Bert van Marwijk sat at the podium of the news conference auditorium looking bemused. His arms were crossed and his stare blank while his trademark gray suit and white shirt were undone at the collar. Tears formed in the corners of his already bloodshot eyes. Usually commanding and confident, he now spoke softly, his voice trailing off. He’d wanted this badly. He’d dreamed of winning this World Cup and come so close. His Netherlands had lost the final to Spain in extra time of an unsightly game made even more so by his brutish tactics. As it would transpire, that inglorious night in Johannesburg two summers ago would be the highlight of his four-year reign as Holland manager.
On Wednesday, Bert van Marwijk resigned.
His side was humiliated at Euro 2012. The Dutch had been upset by Denmark (1-0), lost to Germany (2-1) and then, even though they improbably still had a chance to advance, lost to Portugal (2-1) as well. Along with a dreadful Ireland side, the Dutch were the only team not to collect a point during the group stage.
This spectacular fall from grace – from World Cup runners-up to Euro laughingstock in the span of one major tournament cycle – had predictably been due to a toxic atmosphere, setting off the sort of meltdown that is historically monopolized by the Dutch. There were reported shouting matches, power struggles, disgruntled substitutes and the assault of a team doctor. In this sea of in-fighting, the Dutch ship went down, a faulty attitude scuppering performance yet again. Ten days later, van Marwijk has taken his leave from a position that had become untenable.
That said, it was surprising how the Oranje's Euro 2012 campaign unfolded so chaotically under van Marwijk. Following Marco van Basten’s erratic spell in charge of Holland from 2004 to 2008 in which he ostracized key players and experimented to the point of being destructive, van Marwijk was to bring stability. He was a noted man-manager who had achieved with difficult squads, winning the 2002 UEFA Cup with a Feyenoord team that was rife with internal feuds. And at the 2010 World Cup, van Marwijk appeared to have done exactly that. He brokered a truce in the decade-long war between stars Robin van Persie and Wesley Sneijder, instilled a mentality of confidence and professionalism, and forged a rare togetherness.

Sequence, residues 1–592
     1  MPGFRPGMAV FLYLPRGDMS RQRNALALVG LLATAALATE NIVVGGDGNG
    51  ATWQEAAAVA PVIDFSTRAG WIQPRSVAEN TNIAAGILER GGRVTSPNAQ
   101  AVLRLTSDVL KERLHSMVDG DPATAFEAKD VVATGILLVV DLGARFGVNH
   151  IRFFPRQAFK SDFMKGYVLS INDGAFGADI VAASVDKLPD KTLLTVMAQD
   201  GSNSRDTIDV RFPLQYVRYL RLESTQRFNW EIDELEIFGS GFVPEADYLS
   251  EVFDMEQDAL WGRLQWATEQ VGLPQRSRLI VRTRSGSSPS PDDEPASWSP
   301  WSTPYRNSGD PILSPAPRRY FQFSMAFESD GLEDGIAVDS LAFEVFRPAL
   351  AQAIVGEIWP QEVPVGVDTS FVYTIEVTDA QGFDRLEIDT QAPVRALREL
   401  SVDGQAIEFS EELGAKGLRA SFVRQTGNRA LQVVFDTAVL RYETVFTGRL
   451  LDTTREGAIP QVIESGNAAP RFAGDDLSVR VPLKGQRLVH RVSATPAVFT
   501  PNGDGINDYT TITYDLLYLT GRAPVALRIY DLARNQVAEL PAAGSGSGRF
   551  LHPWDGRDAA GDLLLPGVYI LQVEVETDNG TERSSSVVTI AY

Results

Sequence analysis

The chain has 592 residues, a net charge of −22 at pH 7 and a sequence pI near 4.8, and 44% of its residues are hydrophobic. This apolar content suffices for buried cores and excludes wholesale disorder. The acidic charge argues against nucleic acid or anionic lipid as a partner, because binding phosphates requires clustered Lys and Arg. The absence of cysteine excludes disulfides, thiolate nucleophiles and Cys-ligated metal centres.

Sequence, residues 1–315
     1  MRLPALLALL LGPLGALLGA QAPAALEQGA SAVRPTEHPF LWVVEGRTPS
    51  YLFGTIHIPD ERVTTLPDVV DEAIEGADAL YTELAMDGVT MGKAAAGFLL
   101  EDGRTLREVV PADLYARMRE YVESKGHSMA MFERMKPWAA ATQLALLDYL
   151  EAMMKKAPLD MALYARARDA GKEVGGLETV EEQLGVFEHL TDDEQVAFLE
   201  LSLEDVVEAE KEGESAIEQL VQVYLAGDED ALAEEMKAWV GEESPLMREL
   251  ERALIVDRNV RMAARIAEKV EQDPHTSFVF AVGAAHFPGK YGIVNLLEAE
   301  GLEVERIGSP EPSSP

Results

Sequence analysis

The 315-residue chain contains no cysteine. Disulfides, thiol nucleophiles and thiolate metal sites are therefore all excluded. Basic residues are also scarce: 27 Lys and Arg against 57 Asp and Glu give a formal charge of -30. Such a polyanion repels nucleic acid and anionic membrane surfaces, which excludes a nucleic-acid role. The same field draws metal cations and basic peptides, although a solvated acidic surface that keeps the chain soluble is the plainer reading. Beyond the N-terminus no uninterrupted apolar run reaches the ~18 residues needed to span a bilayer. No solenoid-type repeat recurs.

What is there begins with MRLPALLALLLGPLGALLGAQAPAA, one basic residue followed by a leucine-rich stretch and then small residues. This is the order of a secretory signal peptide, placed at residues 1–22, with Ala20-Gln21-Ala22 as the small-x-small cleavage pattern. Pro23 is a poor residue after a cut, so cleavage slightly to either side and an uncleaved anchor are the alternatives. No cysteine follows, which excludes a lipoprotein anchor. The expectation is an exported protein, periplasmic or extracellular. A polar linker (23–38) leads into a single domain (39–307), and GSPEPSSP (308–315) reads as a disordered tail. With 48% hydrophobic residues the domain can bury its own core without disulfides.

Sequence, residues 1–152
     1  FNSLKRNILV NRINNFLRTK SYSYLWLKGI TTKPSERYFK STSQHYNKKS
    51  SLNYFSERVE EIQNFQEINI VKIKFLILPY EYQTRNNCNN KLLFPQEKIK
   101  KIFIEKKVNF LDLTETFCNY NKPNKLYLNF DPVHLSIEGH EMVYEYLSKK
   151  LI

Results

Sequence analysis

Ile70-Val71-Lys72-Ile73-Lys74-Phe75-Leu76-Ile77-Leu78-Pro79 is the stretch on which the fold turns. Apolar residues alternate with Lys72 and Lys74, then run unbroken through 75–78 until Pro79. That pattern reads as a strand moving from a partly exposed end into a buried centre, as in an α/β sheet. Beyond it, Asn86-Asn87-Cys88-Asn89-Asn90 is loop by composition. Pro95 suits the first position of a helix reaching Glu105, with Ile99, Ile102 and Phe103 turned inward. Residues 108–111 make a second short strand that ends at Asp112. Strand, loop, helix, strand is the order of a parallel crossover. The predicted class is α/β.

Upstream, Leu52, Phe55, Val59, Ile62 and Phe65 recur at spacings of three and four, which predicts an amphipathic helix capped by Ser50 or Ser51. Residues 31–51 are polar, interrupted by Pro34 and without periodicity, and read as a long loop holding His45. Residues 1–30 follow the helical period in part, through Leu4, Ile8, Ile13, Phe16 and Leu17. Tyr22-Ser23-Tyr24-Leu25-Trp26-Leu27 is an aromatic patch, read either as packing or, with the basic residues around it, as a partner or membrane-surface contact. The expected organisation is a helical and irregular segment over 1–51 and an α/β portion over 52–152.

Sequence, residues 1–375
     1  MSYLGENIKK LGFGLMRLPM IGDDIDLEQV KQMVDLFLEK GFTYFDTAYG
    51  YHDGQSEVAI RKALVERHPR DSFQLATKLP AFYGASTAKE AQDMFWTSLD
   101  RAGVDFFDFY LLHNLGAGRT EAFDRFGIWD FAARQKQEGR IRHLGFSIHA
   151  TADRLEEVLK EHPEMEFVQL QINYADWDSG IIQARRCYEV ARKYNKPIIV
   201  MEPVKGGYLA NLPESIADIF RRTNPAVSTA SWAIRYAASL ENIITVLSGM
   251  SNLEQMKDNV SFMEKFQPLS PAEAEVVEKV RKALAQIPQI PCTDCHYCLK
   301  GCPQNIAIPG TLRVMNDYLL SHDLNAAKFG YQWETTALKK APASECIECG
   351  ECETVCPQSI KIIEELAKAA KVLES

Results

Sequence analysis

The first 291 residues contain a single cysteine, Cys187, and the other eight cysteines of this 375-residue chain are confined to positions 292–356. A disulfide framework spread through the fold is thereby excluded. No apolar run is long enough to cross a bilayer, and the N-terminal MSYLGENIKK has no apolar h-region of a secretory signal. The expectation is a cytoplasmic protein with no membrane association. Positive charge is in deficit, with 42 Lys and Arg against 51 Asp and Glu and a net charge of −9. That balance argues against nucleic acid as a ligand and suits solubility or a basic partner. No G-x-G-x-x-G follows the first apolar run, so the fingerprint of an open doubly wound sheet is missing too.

But if he was effective – and his record suggests he was, as he won 34 of his 52 games and lost just eight while forging a run of 25 straight undefeated games soon after his appointment – he was never a popular manager. He was un-Dutch. His teams were cynical and physical, and valued defensive stability above the traditional Oranje virtues of possession, pressure, a high defensive line and wing play. If van Marwijk’s team had to bulldoze through an opponent to win, so be it. That approach never stood him in good stead back home.
During Euro 2012, meanwhile, he refused to waver from his regulars – who were virtually unchanged throughout his four years – or deviate from his standardized tactics until the final game, by which time it was too late and a sturdy Portugal needed to be beaten by at least two goals for the Dutch to stand a chance of advancing.
So when the unity he had managed to broker among a talented but egotistical and confrontational generation went up in flames, the soccer didn’t improve and the wins were nowhere to be found, van Marwijk’s job grew unsalvageable even though he’d recently extended his contract through Euro 2016.
In the aftermath of the tournament, van Marwijk’s calculated behavior turned strange. First, some of van Marwijk’s plans leaked out to the media. He had told the federation he’d no longer be calling up Rafael van der Vaart and Klaas-Jan Huntelaar (who scored more goals during van Marwijk’s tenure than any other player – 23), the alleged sources of some of the internal strife. Nor would he be counting on defenders Joris Mathijsen, John Heitinga or Khalid Boulahrouz. Dirk Kuyt (the player van Marwijk played more than anybody – 49 times in 52 games) was also in danger of seeing his international career come to an end. Only, the players hadn’t yet been told of his decision when the information leaked. Weirder yet, it was reported by the newspaper De Telegraaf on Wednesday that it was van Marwijk himself who had leaked his short list of undesirables.
If it suggested a ruthless reckoning with some of his more talented but mutinous players, it also seemed to signify that van Marwijk was planning to rebuild and carry on as manager.
Yet not a day later, his resignation was confirmed. “I have had severe doubts,” van Marwijk said in a statement. “But did decide that I needed to take this step.”
“Bert van Marwijk held two evaluation discussions with the Football Association about affairs surrounding the Euro,” added a news release from the Royal Dutch Football Association (KNVB). “Both sides agree these talks had an ‘open, honest and constructive’ tenor.”
Bert van Oostveen, a KNVB director, spoke of a manager who had “performed exceptionally well.”
Who will drink from the poisoned chalice of stewarding the Oranje next isn’t yet clear. The most accomplished managers in all the land – Ronald Koeman, Dick Advocaat, et al. – are scrambling to take themselves out of the running, while appointing a foreigner is unthinkable to the Dutch.
When a new manager is found, he’ll have to address a task no less monumental than restoring Holland’s stylistic glory, galvanizing a warring squad and rallying a disillusioned country.
A thankless job, but somebody will have to do it.